I would accept the need for knowledge of EE to become a good attorney in that area; however, all the years in law school and all the time necessarily spent in independent study (law school isn't great in covering specific areas of law in great detail) are years that cannot be spent in perfecting engineering ability. While the 80%/20% rule applies here (20% of the time to learn 80% of a topic), it is that last 20% of learning (and 80% of time) that separates the average (what I said I believed him to be) from the excellent.
post #46 of 177
Quote:
Originally Posted by CryWin View Post
He was obviously talking on behalf of high end cards... we already know that nVidia gets most of the cheapo OEM market.
Yeah, hardly anybody has a Fermi...
post #47 of 177
Quote:
Originally Posted by bigkahuna360 View Post
It will dominate the need for bigger chargers.
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post #48 of 177
Quote:
Originally Posted by hajile View Post
I would accept the need for knowledge of EE to become a good attorney in that area; however, all the years in law school and all the time necessarily spent in independent study (law school isn't great in covering specific areas of law in great detail) are years that cannot be spent in perfecting engineering ability. While the 80%/20% rule applies here (20% of the time to learn 80% of a topic), it is that last 20% of learning (and 80% of time) that separates the average (what I said I believed him to be) from the excellent.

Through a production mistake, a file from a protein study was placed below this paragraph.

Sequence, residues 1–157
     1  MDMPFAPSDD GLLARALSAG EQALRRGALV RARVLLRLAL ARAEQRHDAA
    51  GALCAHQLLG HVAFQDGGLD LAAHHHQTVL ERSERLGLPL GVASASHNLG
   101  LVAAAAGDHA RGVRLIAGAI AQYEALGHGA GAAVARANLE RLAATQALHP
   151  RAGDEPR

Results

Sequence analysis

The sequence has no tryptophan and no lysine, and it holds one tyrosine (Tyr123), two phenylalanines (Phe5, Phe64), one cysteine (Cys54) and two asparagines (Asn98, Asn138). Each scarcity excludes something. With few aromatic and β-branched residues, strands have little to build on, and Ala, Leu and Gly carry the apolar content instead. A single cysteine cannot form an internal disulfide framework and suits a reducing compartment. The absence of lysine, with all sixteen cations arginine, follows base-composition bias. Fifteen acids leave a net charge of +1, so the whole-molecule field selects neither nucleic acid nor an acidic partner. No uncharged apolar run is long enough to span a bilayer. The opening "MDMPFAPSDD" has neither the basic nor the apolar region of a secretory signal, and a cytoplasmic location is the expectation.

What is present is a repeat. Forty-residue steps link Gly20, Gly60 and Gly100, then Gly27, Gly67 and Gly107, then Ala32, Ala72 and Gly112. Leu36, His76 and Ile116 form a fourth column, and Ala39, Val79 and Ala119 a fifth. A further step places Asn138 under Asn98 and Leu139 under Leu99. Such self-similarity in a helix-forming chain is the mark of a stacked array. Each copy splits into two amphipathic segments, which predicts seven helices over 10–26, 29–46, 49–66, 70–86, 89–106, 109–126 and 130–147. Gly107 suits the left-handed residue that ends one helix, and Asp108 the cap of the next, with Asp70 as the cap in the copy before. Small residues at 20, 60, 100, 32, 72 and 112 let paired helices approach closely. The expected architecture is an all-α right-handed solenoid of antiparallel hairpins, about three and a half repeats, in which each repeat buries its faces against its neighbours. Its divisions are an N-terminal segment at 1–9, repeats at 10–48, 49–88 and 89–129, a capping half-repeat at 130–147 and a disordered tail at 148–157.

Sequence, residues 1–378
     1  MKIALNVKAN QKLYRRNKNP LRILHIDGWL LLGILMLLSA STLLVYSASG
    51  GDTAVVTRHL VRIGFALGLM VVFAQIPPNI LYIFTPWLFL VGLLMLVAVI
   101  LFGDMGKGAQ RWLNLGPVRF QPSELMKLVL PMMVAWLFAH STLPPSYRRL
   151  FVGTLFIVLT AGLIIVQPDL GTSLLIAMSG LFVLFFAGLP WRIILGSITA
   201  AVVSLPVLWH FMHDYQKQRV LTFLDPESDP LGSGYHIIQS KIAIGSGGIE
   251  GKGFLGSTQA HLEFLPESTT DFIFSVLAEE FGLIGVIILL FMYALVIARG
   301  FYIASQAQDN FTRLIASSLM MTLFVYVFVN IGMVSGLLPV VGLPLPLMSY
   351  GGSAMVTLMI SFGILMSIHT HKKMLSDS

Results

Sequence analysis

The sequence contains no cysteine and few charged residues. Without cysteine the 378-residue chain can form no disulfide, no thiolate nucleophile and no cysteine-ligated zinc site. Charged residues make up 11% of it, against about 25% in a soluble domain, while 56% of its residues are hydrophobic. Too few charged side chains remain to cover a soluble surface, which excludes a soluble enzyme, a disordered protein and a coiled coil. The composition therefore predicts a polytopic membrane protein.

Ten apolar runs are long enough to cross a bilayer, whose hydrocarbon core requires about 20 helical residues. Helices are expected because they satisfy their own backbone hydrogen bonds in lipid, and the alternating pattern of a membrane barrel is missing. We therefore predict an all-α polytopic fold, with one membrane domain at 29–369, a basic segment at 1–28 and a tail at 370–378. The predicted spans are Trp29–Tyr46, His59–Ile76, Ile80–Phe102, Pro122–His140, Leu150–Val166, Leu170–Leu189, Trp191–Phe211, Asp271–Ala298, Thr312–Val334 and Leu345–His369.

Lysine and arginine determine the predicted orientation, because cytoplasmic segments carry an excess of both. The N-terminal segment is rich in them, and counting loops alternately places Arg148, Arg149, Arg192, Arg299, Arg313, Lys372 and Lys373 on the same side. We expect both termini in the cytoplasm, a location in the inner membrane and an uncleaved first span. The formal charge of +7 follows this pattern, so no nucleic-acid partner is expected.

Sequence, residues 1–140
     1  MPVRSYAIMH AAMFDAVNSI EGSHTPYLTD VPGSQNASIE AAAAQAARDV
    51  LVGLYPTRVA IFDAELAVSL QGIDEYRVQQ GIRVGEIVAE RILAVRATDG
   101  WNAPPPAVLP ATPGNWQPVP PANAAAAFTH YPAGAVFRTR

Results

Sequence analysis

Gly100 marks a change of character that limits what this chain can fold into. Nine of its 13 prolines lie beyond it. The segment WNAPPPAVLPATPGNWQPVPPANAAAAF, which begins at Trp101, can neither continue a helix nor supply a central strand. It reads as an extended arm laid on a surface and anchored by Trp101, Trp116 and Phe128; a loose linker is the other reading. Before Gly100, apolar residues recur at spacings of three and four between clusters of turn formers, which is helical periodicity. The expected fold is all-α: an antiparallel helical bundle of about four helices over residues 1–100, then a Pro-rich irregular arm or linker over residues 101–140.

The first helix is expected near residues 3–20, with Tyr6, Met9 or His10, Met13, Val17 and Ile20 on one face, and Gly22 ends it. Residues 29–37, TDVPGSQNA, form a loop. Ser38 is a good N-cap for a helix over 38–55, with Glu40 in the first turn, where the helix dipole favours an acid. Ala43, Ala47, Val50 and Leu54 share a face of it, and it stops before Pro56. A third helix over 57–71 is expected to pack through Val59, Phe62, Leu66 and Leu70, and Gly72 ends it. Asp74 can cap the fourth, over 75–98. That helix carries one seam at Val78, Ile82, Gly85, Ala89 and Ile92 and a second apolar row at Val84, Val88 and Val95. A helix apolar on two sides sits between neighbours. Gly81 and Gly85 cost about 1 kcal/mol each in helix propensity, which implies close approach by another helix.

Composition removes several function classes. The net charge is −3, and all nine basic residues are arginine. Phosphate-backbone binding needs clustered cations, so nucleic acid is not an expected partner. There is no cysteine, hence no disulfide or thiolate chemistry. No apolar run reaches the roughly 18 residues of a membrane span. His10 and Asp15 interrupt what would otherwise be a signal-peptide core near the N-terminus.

In IP law, the average patent attorney will never become a partner in a firm. They generally don't last more than a year as an associate and spend the rest of their careers working of counsel or as a temp attorney, or they downgrade to copyright and trademark work. Only the truly excellent will remain more than a year as an associate and go on to become partners specializing in patents.
post #49 of 177
Maybe AMD should just buy a division of VIA and have a small team tweak Bulldozer's power consumption by the time Piledriver rolls around.

However it seems like upper management was looking at Bulldozer like a server chip that could double as a flagship for their consumer market. If we remember the i7 920/x58 wasn't exactly power saving and it was a server platform that found its way into the enthusiast market. Management probably thought Bulldozer would still sell to a certain demographic even if it wasn't what everyone wanted and went ahead and released it. The backlash has more to do with the power consumption than performance in my opinion. Server admins will be hesistant but AMD will give them kickbacks as well as selling them on a chip that has alot of potential for longterm viability in a market where people keep a server running for 5 years on end. By the time the instruction sets Interlagos has can be fully used, then Bulldozer with be worth its initial investment.

Basically in my rant I feel Bulldozer is a great chip for the server market at lower clocked speed. It has features that are ahead of their time and not viable at this point in the game, similiar to A64.

However,AMD still has the APU's and ATI so they still have some good products out on the market. People have overeacted way too much and should have just bought a 2500k back in Feb and been done with it.
Edited by dlee7283 - 10/18/11 at 7:13am
    
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post #50 of 177
For some reason AMD still has a a lot of followers even though their CPUs seem to underperform when compared to Intel.

They do make good GPUs though.